The first half of 2016 has seen gold demand at record levels, making it the second largest half year ever recorded and with significant increases on 2015. Figures released by the World Gold Council (WGC) showed that demand in Q1 reached 1,290 tonnes, a rise of 21% on Q1 in 2015, while further growth in Q2 of 15% meant that the total for the first half of 2016 reached 2,355t, with the overall H1 gold price going up by 25%, the best half-yearly rise in 35 years.
Of this, the investment demand of 1063.9t was 16% above the previous highest H1 level (in 2009), driven by ongoing enthusiasm amongst investors for exchange traded funds (ETFs). Q1 and Q2 also represented the first time ever that investors made up the biggest component of demand for gold in two consecutive quarters. This upsurge in investor demand is, however, set against a backdrop of lower household demand in India and China, meaning western ETFs and central banks are behind these price rises, rather than consumers in Asia.
Analysts have identified several underlying factors driving the surge in demand for gold. For instance, the increase in supply has been at its slowest for 8 years (H1 growth of just 1%), with increased recycling and hedging, fuelled by higher prices, contributing to this slowdown in the growth of supply.
There has also been a decrease in the household gold demand in both India and China in 2016, with the overall H1 demand of 925t being down 17% on the first half of 2015. The gold price trend upwards is responsible for curtailing this demand to some degree, as greater rates of recycling due to these higher prices have meant the weakest jewellery demand in China in Q2 since 2009, down almost 25% from the same period in 2015. The fall in demand was also marked in India, where at 186.3t it was at its lowest level for seven years. Industrial action in India, where there was a 42-day strike by jewellery producers, also impacted negatively on that country’s traditionally strong demand.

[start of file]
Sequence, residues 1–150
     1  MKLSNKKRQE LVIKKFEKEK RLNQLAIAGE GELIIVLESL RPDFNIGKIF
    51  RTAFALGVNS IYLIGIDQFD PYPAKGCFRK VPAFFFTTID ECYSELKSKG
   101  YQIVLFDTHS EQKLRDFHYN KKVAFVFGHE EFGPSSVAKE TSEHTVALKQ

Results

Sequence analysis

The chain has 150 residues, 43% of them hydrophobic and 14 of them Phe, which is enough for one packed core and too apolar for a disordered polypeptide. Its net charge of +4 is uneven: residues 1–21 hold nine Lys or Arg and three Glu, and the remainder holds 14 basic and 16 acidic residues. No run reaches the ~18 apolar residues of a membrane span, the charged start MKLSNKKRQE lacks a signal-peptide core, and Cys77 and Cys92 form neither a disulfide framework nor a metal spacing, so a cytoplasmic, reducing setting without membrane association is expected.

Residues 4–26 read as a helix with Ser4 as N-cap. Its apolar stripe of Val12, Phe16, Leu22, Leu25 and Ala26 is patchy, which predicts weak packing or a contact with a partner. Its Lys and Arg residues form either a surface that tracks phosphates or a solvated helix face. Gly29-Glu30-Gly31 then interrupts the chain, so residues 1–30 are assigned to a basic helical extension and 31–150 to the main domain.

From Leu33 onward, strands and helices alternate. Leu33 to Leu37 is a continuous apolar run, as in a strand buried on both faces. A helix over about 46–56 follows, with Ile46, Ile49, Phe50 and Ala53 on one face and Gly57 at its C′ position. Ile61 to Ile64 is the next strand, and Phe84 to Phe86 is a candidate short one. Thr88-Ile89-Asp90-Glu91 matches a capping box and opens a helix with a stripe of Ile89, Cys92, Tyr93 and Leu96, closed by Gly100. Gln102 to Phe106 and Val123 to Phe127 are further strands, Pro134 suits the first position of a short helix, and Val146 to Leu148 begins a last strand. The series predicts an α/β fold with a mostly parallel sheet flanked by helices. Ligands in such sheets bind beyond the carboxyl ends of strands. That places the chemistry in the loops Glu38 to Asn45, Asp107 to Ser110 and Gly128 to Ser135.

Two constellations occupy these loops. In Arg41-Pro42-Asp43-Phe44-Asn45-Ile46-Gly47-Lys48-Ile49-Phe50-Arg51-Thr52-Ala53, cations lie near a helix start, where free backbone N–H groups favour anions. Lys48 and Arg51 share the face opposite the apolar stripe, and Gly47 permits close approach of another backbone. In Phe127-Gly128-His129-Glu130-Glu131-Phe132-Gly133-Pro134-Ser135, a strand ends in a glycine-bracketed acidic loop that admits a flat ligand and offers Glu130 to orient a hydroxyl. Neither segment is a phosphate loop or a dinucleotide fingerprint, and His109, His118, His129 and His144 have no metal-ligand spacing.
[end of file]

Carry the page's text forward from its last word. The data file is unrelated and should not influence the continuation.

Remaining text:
Set against this, however, has been unprecedented rises in investor demand. Global economic uncertainty, particularly with regard to a perceived slowdown in China’s economy and confusion over the ultimate outcome of the Brexit vote, along with concern over US, European and Japanese interest rates, have all led to central banks continuing to be strong investors in gold, and for the twenty-first consecutive quarter these have been net purchasers – 109t in Q2 – as they seek to diversify further away from the greenback.
ETF inflows into gold have also increased significantly and have been a major driving factor in increased demand and rising prices, having more than doubled when compared to H1 in 2015 at 1064t, and up 16% on the first two quarters of 2009, the previous high point. Analysts suggest that similar concerns about the stability of global markets and the interest rate policies of major economies as driving the uptick in ETF purchases of gold, as investors seek greater stability and reliability in a volatile financial climate.
These same factors are therefore likely to see continued positive growth in both gold demand and prices in H2 of 2016, as it remains the asset that governments, financial institutions and ETFs turn to in times of uncertainty. The good news for speculative traders is that this means there is still an opportunity to take advantage of this predicted continued growth, as when you add in to the mix an expected return to previous levels in Indian and Chinese household demand, along with further slowdown in the growth of supply, everything points to gold being the standout commodity investment for the remainder of 2016.